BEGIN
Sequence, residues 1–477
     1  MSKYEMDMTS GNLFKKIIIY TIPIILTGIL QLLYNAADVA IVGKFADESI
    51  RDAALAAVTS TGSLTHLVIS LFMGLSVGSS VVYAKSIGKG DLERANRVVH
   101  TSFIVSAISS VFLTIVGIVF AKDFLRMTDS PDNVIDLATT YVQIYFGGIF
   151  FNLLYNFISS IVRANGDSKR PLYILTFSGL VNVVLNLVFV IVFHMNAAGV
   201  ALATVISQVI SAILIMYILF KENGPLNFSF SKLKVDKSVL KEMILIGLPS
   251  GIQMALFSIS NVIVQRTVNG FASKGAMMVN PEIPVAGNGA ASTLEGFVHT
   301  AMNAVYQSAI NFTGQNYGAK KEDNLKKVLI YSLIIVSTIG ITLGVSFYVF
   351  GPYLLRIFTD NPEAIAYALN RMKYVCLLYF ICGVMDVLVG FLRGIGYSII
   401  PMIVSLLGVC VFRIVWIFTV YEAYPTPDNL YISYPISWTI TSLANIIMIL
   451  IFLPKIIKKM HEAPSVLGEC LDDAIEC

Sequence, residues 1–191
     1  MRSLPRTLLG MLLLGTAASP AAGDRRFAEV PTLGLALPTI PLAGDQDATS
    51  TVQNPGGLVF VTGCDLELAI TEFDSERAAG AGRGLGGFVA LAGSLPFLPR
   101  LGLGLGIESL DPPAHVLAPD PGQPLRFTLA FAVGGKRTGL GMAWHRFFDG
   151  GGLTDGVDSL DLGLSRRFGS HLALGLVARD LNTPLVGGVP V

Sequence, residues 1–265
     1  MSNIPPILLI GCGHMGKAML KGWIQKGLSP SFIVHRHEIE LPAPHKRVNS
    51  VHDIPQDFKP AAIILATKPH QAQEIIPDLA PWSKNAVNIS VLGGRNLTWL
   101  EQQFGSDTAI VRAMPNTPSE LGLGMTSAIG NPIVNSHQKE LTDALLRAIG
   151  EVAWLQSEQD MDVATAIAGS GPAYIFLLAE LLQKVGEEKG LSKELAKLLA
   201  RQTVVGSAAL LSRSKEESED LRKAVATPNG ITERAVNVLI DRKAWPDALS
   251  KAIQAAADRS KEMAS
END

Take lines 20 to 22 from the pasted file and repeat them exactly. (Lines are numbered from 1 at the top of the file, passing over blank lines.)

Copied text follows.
   101  EQQFGSDTAI VRAMPNTPSE LGLGMTSAIG NPIVNSHQKE LTDALLRAIG
   151  EVAWLQSEQD MDVATAIAGS GPAYIFLLAE LLQKVGEEKG LSKELAKLLA
   201  RQTVVGSAAL LSRSKEESED LRKAVATPNG ITERAVNVLI DRKAWPDALS